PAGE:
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Cure Your Java XML Troubles with a Dose of Castor Oil

  • December 21, 2006
  • By James Turner
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XML has become the lingua franca of the computer industry, driving out older formats such as comma separated values and fixed field length files for moving data between companies and applications. When combined with new technologies like web services, it has become a pervasive component of software development.

When manipulating XML under Java, there have been two basic approaches commonly available. The first is to use the JDOM parser, reading the entire document into memory and then operating on it. This has the advantage of requiring very little custom coding to parse documents, and also allows software to generate XML documents. The primary disadvantage (apart from requiring the entire document to fit into memory) is that the DOM created is very generic. Everything is expressed in terms of nodes and attributes, and it's cumbersome to navigate.

The other approach is to use a SAX-style event-driven parser. This is more akin to a traditional compiler, where callbacks are made whenever elements or attributes are encountered during the parse. This has the advantage of being very memory efficient, but is even harder to use.

A final possibility is to use XSLT to directly transform the XML to something else, usually an XHTML document. This is a great approach to take, assuming that what you want to do is to create an HTML document as an end product.

Many times, however, all you really want to do is copy the contents of an XML file into a collection of Plain Old Java Objects (POJOs). A classic example of this is reading an XML configuration file on application startup. In these types of applications, Castor is just what the doctor ordered. Imagine a simple XML format for a bookstore:

<collection type="private">
	<book isbn= "0345334302">
		<title>The Ringworld Engineers</title>
	<book isbn= "0671462148">

There's obviously a lot more that you could be storing about the book (price, publication date, etc.), but for this example the data shown is sufficient. One important feature to note is that there can be multiple authors for a single book.

All you want to do in this example is to load up all the books in the collection, and print out a report of all the authors in our collection, and the books they have written. In order to do this, you need POJOs to hold all the various levels of objects in the schema. First, the Author object, which is at the bottom of the schema hierarchy (the getters and setters have been removed for terseness…)

package com.blackbear.examples.castor;

public class Author {
	private String lastname;
	private String firstname;

All that an author has is a lastname and firstname. The Book object is a little more complicated.

package com.blackbear.examples.castor;

import java.util.ArrayList;
import java.util.List;

public class Book {
	private String title;
	private String isbn;
	private List<Author> authors = new ArrayList<Author>();

In addition to a title and ISBN number, books have a list of authors, implemented as an ArrayList. Because you're being good Java 5.0 citizens, you use Generics to specify the type of object that the List will hold. Finally, books go into Collection objects:

package com.blackbear.examples.castor;

import java.awt.print.Book;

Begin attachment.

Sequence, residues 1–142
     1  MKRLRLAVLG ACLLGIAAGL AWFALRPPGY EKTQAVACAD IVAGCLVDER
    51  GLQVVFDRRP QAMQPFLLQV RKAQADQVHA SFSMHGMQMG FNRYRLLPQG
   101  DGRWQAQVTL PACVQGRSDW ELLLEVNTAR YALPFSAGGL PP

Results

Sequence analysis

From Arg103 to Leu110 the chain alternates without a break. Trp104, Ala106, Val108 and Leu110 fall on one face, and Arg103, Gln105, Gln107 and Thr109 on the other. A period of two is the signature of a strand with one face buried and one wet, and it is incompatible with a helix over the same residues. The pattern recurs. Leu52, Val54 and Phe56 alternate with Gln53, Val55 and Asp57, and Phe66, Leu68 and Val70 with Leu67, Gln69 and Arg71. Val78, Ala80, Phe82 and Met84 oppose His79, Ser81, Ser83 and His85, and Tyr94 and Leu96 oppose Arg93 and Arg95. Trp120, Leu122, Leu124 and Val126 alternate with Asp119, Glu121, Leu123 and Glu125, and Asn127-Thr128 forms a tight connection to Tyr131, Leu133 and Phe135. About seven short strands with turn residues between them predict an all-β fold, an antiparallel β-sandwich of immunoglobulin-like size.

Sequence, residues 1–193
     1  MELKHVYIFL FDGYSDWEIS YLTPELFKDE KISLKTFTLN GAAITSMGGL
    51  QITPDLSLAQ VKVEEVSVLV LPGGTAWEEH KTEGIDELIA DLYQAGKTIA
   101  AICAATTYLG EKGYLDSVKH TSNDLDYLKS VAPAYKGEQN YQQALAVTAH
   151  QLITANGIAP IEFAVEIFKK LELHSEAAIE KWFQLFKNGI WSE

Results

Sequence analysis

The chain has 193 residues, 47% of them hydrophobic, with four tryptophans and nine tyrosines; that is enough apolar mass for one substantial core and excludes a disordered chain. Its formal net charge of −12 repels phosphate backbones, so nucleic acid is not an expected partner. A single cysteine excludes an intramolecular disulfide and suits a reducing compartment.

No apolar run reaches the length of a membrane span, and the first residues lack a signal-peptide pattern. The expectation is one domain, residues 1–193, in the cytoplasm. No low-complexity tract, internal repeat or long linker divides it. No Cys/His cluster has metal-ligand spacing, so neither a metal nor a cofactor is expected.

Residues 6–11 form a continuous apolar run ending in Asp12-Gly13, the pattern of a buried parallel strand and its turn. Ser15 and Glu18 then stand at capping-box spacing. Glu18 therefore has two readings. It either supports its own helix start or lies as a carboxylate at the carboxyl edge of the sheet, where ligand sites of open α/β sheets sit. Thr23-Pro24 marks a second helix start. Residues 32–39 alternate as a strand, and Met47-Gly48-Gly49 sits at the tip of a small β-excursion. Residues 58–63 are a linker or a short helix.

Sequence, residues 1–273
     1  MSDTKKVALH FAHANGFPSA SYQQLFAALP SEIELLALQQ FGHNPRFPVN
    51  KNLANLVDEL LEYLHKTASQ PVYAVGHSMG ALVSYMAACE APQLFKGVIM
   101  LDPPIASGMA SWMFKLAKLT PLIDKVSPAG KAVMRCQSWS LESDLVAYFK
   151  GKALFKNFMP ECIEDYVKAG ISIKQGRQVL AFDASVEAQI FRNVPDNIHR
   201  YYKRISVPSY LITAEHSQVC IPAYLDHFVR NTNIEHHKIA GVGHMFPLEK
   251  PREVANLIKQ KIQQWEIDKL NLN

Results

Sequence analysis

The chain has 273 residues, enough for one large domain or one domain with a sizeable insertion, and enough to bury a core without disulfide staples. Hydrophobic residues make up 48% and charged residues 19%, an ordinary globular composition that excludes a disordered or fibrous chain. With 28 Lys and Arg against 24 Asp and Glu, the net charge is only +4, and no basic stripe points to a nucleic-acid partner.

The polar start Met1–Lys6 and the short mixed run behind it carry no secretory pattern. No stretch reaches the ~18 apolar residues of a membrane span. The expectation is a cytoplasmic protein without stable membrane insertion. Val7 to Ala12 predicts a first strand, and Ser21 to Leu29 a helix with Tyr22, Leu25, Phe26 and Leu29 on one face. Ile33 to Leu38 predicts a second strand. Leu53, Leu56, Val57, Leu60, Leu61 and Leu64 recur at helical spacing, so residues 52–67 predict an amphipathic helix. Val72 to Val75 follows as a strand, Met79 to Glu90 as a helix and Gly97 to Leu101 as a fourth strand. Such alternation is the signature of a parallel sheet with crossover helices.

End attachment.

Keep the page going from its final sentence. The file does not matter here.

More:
import java.util.ArrayList;
import java.util.List;

public class Collection {
	private String type;
	private List<Book> books = new ArrayList<Book>();

Again, you use Generics for the List. With our object structure in place, you're ready to use Castor to read in our XML file. There are two ways to use Castor. One way is the have the classes themselves contain information about how to pack and unpack the XML. This is what you get if you use the Eclipse Castor plug-in to generate Castor POJOs from an XML XSD file. However, in this example, you're going to use the other method, which is to use a mapping file.

Technically, you can read data from XML into Java using Castor without defining a mapping file at all, but only in a very restricted set of circumstances. You'd need to define your classes in the default package, and only be interested in flat XML objects (in other words, elements without sub-elements.) If that were the case, reading in the data would be as simple as saying:

Unmarshaller unmarshaller = new Unmarshaller();
InputStream xmlFile = Example1.class.getResourceAsStream("books.xml");
InputSource f = new InputSource(xmlFile);
try {
	Object shouldBeCollection = unmarshaller.unmarshal(f);
} catch (MarshalException e) {
} catch (ValidationException e) {

First, you instantiate a copy of the Castor unmarshaller. You get an InputSource for the XML file you want to parse. You call the unmarshaller on the input, and it returns an object that will be the top level element in the file. In this case, you'd need to have a class called Collection (matching the XML element name "collection"). Further, all that will be generated is a Collection object with the type filled out, none of the books inside the collection will be created.

So, clearly you need to help Castor out a bit. For one thing, having to use the default package isn't anything you want to be doing. You also want to see the books in our collection, since that's the point of the exercise. So you need to create a mapping file (which you'll call collection-mapping.xml)

<!DOCTYPE mapping PUBLIC "-//EXOLAB/Castor Mapping DTD Version 1.0//EN" "http://castor.org/mapping.dtd">

First, a standard DOCTYPE declaration and the mapping element, which starts all Castor mapping files.

		<map-to xml="collection"/>
		<field name="books" collection="arraylist" 
			<bind-xml name="book" node="element"/>
		<field name="type" direct="false" 
			<bind-xml name="type" node="attribute"/>

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